The Argentinian writer Jorge Luis Borges is a favorite of mathematics enthusiasts - many of his short stories and essays have overtly mathematical themes, and much of his writing plays with structure and paradox in a way that appeals to readers that have a mathematical bent (see this Wikipedia article on Borges and mathematics).
I just recently read his short-story collection, a Universal History of Iniquity, which does not have any direct mathematical overtones (that I can recall), but whose cover in the Penguin Classics edition plays homage to Borges' mathematical ways with one of M.C. Escher's limit engravings Snakes.
In keeping with the mathematical theme, a new cover for the same book features the origami tessellations of Eric Gjerde (see his post about the cover here).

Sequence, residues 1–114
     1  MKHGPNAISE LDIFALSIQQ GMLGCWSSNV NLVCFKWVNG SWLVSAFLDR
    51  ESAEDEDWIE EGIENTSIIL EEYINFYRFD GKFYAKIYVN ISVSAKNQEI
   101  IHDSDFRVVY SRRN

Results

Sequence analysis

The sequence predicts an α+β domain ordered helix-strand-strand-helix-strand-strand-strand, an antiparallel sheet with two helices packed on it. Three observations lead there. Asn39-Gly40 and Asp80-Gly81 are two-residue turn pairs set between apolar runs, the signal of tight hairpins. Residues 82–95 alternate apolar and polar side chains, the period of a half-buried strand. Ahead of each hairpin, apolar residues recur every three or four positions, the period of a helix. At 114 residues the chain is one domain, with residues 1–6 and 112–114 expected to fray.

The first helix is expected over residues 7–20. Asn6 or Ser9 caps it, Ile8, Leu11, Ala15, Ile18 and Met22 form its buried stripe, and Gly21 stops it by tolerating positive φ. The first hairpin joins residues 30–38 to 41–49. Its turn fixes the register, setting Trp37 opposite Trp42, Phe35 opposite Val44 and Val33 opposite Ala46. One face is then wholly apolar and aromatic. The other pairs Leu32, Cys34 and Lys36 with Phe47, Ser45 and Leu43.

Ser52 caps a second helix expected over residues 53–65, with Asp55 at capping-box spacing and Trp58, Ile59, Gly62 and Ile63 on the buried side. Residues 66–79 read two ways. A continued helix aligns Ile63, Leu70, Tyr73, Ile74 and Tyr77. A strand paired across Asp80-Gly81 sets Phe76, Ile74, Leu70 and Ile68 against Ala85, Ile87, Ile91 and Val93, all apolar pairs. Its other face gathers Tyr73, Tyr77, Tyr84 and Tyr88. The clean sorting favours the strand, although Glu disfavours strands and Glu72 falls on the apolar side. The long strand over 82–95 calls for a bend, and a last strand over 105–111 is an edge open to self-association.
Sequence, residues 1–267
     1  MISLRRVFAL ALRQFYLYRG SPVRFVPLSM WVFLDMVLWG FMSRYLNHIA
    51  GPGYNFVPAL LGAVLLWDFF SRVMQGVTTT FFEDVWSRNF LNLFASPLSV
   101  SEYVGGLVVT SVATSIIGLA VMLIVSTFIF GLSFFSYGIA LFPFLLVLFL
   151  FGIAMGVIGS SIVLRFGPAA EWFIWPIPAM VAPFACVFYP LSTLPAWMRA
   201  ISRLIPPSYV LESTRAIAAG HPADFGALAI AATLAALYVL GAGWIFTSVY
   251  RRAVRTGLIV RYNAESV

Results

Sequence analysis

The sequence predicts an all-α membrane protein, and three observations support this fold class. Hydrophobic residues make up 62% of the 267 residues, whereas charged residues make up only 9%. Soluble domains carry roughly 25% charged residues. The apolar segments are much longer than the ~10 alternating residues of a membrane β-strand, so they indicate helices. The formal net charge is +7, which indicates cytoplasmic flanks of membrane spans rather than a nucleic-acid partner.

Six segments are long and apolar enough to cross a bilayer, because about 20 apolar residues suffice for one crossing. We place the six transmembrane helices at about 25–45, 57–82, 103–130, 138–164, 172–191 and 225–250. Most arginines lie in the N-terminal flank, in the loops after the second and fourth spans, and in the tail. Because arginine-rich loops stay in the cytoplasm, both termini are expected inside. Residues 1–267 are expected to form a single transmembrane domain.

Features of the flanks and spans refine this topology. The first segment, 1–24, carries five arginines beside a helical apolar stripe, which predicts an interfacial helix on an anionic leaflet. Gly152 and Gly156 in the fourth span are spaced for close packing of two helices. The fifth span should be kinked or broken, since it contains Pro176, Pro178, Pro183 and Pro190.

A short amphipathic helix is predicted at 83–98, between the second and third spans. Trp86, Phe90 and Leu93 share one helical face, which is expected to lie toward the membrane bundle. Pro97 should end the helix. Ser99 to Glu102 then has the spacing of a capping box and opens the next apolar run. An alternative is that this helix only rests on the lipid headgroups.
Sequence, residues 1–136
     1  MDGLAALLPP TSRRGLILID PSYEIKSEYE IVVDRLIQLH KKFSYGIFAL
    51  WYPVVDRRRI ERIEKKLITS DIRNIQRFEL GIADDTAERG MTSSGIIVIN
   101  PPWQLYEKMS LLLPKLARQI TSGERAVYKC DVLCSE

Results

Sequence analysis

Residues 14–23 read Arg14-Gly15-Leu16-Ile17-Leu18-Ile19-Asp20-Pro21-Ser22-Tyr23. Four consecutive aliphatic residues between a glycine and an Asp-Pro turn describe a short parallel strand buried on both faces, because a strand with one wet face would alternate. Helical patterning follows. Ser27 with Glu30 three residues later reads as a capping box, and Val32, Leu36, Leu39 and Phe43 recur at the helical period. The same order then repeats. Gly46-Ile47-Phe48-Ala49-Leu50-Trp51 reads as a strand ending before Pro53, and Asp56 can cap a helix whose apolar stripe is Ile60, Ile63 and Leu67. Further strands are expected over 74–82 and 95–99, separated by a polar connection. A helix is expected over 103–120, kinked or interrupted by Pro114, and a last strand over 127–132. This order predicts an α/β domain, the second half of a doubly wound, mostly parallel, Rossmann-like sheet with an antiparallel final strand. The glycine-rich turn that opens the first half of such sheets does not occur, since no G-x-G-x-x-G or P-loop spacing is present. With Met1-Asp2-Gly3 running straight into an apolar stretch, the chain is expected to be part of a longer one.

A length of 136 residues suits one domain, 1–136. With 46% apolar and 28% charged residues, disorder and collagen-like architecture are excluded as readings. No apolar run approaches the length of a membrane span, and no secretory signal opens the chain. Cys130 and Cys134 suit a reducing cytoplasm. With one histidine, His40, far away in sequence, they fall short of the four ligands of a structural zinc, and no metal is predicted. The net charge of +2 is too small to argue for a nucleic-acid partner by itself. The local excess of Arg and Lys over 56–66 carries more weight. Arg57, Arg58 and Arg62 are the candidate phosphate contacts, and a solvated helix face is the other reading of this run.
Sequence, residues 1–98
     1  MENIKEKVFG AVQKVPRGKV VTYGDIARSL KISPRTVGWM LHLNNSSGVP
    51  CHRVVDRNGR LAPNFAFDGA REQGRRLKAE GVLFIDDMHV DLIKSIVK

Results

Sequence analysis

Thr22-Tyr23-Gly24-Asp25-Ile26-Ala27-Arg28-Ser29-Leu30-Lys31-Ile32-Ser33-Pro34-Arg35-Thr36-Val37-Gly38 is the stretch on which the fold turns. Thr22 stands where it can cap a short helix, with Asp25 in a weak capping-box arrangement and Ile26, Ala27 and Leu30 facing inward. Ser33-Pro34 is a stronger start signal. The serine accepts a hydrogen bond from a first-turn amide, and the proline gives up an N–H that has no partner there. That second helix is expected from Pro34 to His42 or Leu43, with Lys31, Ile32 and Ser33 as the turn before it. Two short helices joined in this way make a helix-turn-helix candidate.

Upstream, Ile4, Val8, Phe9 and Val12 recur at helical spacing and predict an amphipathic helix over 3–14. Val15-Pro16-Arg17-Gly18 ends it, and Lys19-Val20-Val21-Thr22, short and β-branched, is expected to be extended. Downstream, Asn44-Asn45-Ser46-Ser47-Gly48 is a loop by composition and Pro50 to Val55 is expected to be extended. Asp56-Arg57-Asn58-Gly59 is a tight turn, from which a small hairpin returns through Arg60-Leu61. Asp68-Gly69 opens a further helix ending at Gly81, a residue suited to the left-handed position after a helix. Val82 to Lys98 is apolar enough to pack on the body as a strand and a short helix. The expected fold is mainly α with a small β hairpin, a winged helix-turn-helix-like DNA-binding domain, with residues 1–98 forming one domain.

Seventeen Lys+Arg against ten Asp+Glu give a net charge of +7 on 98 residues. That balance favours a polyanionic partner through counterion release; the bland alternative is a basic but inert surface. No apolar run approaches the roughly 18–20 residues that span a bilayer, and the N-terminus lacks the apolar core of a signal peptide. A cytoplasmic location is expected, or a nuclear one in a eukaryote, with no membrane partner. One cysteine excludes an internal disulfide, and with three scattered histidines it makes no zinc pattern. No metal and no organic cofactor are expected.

The tessellation is Gjerde's water-bomb tessellation, and is one of the more easily folded models from his book. See this video on Happy Folding for a demo of how to make the water-bomb tessellation - it is fun to fold, and can be playfully integrated into other origami projects... for example, Beth Johnson has turned it into a sheep.